In Simple Trust

By David Baillieu


Young lovers George and Mary Knox are typical of many nineteenth-century migrants to Australia. In defiance of family and Church, they flee Scotland for Australia in 1849, seeking freedom and the chance to build a life together.

At the time, the Scots Church is fundamental to respectable society, and it is convulsing. Scotland is enduring mass protests and economic turmoil. The Battle of Waterloo and the Industrial Revolution are confirming Britain as the dominant world power. On the other side of the world, ancient Australia and its people are meeting the modern world. The great gold rush looms in Victoria.

George and Mary are sponsored to Australia by the extraordinary Reverend Dr John Dunmore Lang, who, having raised “missionary” money and held his creditors at bay, hires a whole ship in London, sails the Knoxes and a shipload of Presbyterian “missionaries” to Melbourne, then promptly goes broke, leaving them all high and dry.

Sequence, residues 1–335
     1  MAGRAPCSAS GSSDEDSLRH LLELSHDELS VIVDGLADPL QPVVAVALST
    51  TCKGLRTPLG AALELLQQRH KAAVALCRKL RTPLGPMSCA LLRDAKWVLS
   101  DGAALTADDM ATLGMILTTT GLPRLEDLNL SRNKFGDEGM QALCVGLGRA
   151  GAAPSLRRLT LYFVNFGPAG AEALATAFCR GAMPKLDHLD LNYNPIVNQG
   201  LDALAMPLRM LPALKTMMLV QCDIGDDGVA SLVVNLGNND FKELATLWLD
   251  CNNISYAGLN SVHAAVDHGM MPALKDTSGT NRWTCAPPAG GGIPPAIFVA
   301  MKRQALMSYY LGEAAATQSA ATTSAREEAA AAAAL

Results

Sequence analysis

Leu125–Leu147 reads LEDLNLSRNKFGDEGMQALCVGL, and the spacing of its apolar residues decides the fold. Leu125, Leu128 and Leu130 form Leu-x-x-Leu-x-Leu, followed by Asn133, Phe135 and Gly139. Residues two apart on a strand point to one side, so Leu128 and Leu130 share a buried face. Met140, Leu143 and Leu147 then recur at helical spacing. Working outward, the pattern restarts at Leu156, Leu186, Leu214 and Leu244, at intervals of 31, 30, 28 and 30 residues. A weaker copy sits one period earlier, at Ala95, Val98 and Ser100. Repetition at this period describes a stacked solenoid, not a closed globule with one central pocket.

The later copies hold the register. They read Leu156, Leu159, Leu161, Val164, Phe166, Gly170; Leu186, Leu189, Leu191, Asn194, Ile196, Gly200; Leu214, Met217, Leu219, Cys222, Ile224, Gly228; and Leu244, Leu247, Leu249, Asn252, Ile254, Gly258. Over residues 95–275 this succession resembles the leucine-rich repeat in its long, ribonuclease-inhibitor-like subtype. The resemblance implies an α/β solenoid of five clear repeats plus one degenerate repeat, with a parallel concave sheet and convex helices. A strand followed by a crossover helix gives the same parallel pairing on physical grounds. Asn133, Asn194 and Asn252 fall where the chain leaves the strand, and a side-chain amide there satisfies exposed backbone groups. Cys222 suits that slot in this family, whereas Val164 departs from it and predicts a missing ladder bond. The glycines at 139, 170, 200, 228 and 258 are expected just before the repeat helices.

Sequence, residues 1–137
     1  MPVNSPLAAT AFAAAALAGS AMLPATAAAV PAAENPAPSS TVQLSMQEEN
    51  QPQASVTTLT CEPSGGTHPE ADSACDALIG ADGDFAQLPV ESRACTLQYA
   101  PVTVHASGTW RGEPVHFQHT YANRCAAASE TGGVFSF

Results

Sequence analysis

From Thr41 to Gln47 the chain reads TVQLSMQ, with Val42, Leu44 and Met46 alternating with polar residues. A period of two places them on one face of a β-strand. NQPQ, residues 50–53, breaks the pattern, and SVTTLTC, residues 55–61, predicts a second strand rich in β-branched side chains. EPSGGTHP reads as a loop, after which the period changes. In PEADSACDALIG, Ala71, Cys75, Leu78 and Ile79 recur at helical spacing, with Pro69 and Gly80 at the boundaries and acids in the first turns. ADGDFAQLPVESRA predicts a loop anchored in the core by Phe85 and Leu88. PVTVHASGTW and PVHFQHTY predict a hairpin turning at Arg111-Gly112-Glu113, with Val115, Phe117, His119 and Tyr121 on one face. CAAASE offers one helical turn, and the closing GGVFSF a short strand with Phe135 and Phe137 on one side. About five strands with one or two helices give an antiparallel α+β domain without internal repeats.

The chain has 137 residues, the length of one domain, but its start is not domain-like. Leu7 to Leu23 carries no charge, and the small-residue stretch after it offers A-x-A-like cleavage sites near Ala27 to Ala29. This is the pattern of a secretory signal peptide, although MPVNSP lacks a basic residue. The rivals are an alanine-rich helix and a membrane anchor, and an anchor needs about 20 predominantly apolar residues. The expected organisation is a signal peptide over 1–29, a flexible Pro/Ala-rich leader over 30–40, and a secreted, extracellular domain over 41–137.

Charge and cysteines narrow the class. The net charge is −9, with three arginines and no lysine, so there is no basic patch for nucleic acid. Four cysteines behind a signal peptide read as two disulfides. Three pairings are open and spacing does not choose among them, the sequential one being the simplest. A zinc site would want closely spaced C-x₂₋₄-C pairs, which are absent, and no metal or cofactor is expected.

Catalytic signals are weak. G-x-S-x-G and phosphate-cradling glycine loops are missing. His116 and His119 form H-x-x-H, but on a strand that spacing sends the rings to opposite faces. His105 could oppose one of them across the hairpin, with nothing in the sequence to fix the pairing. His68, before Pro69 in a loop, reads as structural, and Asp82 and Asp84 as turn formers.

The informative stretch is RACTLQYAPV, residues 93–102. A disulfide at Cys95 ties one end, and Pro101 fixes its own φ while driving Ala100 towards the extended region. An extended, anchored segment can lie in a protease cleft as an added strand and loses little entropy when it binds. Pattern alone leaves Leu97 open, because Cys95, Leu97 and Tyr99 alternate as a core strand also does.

On the long and difficult voyage, Mary is pregnant; soon after arrival she gives birth to a son, William, who will later be deemed the brains behind BHP in its early years.

George and Mary forge a new life, becoming Presbyterian educators, if not missionaries. George is briefly headmaster of Chalmers Free Church School in Spring Street, Melbourne – later to become Scotch College. George and Mary form a family, suffer tragedy and hardship, and help build the nation. Like many Scottish migrants of the time, they bring values and energy – Which perhaps had a disproportionately large and positive influence on the soon-to-be-separated colony of Victoria.

David Baillieu’s narrative goes on to provide new information on the foundation and early history of Scotch College, Melbourne and to tell fascinating stories about the lives of George and Mary’s children, and their children’s children.
And what a bunch they were!

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